But I’m still not sure about your claim that the Platonic example is a stronger example of resistance to generalization. You suggest that we can see how the example supports the conclusion Socrates draws even if we are unsure of the justice of repayment that is potentially harmful only to the recipient and not to a third party. However, given the conclusion Socrates draws, this example must concern harm to the recipient. Socrates describes a variant case involving of the repayment of money to an insane friend, and then suggests more generally that when restoring or repaying turns out to be harmful to the person repaid we would have a failure of justice. I don’t think this is supposed to be an ampliative move on his part (that would be so unsocratic, lol). In any event I think the weapons example only has the force that it does because we are capable of seeing it as an instance of something more general about the problem of defining justice in terms of particular acts whose moral properties vary with empirical circumstance. I’ll happily grant that we might be quite far from seeing exactly what it is about such definitions that is problematic, but then I think we are in the same predicament with the Gettier cases.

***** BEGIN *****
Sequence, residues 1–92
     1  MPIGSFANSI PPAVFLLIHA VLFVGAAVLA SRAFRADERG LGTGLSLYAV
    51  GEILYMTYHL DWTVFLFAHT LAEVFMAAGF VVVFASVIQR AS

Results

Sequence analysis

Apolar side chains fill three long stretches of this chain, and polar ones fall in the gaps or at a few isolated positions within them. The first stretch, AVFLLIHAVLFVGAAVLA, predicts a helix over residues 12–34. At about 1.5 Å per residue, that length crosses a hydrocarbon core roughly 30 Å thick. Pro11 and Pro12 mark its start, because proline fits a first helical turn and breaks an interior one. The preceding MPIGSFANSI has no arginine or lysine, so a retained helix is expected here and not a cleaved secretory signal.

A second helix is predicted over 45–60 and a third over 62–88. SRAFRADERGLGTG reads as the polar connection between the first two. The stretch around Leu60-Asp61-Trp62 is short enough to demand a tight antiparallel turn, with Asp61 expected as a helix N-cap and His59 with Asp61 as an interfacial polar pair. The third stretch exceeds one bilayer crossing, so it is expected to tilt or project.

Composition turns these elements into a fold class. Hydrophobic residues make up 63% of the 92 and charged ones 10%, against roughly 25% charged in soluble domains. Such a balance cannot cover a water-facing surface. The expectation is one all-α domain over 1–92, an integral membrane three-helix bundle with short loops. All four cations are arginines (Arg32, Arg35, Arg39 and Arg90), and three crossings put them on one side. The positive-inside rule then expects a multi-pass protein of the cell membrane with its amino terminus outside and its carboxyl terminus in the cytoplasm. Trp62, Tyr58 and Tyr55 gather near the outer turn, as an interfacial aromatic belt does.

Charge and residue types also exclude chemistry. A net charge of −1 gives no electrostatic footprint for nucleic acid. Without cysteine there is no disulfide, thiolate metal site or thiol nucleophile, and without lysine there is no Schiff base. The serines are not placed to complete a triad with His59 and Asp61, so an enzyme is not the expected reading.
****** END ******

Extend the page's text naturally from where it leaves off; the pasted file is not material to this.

The false lemma thing could explain what’s going on, but I think there are other possible explanations of the principle implicit grasp of which is leading us to recognize a failure of knowledge in the Gettier cases – perhaps what really troubles us is something about the instability of the subject’s mental state, the risk of his revising his opinion quite rationally upon receipt of perhaps quite readily available further information (a principle that – unlike the false-lemma principle – also explains our reaction to the ‘dead dictator’ cases). For what it’s worth I think it’s more psychologically plausible that detection of rational instability, rather than detection of false lemmas, is what is driving our responses to these cases, but I think it’s a hard (and partly empirical) question which principle is actually driving us here. I agree it’s easy to create more JTB-but-not-K cases, but I don’t think it’s easy to see exactly what principle underlies the creation of all cases just like those ones.